wished they had. It goes a lot better than it looks.
Kevin Smith makes final move of the twin falls rapid, 2011.
Below twin falls you are locked into running two significant but fun
rapids. The first is a slide where it's possible eddy on the left
above. Run the slide on the far left, then stay right for the final
drop and end of the first gorge.
David Maurier exits the gorge, 2011.
changes below the twenty footer. The granite bedrock gives way to
boulder gardens, and most are not granite. The majority are read and
run, but stay on your toes as this is an unstable region and the rapids
can and do change yearly. The further you get into the boulder gardens, the
steeper the gorge walls get. Eventually comes a portage on the left,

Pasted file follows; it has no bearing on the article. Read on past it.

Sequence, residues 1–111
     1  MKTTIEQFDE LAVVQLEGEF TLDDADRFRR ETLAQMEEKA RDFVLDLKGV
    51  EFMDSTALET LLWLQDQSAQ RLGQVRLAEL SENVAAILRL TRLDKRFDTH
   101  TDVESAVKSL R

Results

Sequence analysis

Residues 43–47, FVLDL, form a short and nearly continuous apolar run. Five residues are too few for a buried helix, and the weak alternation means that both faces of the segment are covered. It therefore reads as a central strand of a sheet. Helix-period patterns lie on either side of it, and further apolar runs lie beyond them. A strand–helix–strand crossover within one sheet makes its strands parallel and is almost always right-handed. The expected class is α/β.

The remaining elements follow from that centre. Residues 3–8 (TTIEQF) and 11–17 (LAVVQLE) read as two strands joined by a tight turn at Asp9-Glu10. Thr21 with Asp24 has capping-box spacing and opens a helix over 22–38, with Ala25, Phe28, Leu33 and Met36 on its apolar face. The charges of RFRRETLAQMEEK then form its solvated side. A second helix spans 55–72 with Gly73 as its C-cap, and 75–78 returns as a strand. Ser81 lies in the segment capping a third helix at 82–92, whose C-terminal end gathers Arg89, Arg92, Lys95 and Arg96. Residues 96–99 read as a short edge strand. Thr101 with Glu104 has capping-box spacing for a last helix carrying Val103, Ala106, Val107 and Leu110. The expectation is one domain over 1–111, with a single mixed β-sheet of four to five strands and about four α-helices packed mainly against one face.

which is followed by two mandatory rapids both run left of center,
before the highlight: boof-a-matic.
Boof-a-matic falls. Mandatory and very, very fun. Thomas Moore. 2011
Chris Madden, 2014.
There is a
large pool below boof-a-matic, then the river goes over a small slide.
The next two rapids after the slide are significant, tough to portage
and tough to scout. Go right on the first one, about four feet off the
wall. Boof hard and fast, the hole is sticky. If you get past the first
hole, go slightly left of center through another hole (try not to get
stuck in the eddy on the left) and go left for the final ledge. There
are eddies on both sides above the final drop, which has caused a
number of swims (the drop not the eddies :) The secret of the final
drop is running the first tier
on the far right, staying up on a pillow then boofing around a hole.
Follow this with another boof over the second larger ledge.
Shannon Carroll exits the final exit rapid of boof-a-matic gorge.